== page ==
New Emerald Coal, a subsidiary of Linc Energy, announced that it was entering into a sale and purchase agreement with the Blair Athol Coal joint venture to take control of the mine, which has been out of commission since last November.
The news may encourage those currently receiving mining training, with natural resources and mines minister Andrew Cripps highlighting the positive effects on the industry.
While the resources sector has experienced low prices and depressed capital markets, he stated, this decision shows how much faith there still is in the future of coal and Queensland.
“The Blair Athol Mine, which ceased operation in November 2012, is expected to produce up to three million tonnes of thermal coal per year once operations recommence and create more than 100 jobs,” he said.
“Its reopening will help boost business in the region, with reciprocal benefits to be felt across the state.”
Mr Cripps said his department has worked hard to ensure there is a creative and supportive environment under which the state’s resources industry can thrive.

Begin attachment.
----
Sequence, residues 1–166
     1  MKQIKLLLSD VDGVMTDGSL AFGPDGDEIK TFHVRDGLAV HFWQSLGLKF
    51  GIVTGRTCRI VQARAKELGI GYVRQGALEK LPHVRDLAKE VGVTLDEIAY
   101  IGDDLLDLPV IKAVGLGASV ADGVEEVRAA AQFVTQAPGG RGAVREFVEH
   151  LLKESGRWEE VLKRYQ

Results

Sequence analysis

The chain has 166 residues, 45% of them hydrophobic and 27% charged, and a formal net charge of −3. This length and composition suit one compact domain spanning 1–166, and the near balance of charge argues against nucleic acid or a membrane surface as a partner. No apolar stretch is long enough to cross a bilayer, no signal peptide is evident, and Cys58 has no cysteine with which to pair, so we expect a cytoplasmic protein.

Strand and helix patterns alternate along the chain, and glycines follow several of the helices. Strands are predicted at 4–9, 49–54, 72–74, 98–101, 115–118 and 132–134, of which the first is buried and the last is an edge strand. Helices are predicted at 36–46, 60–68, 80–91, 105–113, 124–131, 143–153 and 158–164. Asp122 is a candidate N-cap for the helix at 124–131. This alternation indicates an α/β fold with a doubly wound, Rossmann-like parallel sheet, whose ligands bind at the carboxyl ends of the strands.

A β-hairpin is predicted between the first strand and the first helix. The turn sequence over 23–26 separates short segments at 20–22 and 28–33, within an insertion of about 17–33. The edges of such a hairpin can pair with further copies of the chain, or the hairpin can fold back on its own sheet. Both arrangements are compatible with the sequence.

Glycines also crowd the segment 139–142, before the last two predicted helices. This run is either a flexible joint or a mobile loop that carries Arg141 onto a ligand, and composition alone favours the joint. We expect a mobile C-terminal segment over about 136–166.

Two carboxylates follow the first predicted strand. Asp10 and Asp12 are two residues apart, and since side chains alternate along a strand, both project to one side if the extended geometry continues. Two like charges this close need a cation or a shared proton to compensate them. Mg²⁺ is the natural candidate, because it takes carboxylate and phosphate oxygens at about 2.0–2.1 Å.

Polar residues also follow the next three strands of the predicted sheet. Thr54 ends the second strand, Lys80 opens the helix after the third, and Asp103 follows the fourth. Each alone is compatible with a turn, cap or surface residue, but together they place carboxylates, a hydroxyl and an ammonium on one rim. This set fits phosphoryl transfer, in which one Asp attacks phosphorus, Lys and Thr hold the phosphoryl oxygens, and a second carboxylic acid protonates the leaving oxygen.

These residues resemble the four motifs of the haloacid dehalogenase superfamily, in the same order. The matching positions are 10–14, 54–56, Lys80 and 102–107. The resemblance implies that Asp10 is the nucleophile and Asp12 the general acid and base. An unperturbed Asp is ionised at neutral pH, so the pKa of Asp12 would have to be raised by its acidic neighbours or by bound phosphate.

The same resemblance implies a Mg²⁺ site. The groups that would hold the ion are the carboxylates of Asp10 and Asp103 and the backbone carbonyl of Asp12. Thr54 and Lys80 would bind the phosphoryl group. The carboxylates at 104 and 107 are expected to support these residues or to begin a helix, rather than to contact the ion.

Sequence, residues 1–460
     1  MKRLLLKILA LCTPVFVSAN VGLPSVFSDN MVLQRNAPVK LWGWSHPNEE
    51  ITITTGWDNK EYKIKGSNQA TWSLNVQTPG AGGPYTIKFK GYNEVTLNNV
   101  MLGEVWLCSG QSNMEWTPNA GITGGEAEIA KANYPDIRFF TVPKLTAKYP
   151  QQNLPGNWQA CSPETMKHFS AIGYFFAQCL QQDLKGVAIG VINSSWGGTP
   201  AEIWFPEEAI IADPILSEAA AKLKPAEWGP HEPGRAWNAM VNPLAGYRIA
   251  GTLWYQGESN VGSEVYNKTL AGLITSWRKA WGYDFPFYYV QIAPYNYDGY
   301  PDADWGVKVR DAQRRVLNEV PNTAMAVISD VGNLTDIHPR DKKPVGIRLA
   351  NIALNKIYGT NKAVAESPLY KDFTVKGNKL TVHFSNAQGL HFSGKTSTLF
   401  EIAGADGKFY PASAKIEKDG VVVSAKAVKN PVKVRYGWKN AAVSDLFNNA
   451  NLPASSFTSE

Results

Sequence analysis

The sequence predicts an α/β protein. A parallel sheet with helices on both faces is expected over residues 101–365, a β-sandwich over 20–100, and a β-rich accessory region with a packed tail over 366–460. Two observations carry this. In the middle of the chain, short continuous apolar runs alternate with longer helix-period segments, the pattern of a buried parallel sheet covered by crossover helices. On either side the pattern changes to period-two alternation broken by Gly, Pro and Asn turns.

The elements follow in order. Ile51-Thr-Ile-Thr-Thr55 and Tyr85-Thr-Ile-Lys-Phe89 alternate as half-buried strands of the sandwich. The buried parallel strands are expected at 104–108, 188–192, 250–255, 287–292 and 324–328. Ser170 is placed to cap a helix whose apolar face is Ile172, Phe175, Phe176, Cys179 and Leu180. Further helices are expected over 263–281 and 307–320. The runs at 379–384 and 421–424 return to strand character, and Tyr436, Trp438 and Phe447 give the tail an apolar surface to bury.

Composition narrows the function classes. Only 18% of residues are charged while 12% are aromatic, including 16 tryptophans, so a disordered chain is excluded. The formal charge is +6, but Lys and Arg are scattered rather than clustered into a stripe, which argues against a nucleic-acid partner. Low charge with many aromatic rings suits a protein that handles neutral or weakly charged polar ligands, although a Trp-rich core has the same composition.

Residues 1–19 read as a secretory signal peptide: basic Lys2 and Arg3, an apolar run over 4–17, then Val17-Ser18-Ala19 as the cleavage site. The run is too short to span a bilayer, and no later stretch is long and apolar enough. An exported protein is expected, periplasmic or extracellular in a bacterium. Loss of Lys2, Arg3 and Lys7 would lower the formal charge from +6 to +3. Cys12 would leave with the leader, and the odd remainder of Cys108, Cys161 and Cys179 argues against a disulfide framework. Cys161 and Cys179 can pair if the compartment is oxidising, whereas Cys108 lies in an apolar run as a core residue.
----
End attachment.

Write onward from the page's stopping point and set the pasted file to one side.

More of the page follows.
In fact, mining is one of the four key economic pillars in the Queensland economy, he added.
Rio Tinto manages the Blair Athol Coal joint venture and one expert believes the sale is good value for the mining giant.
Glyn Lawcock, a Sydney-based mining analyst at UBS, told the Wall Street Journal that it is great business considering the mine was considered a closed asset due to it ceasing operation.
“Someone else might have a slightly different vision on what they want to do with the mine and what direction coal prices are headed,” he said.
The mine is thought to have at least ten million metric tonnes of coal left, with an annual peak haul of 11.3 million tonnes extracted in 2009.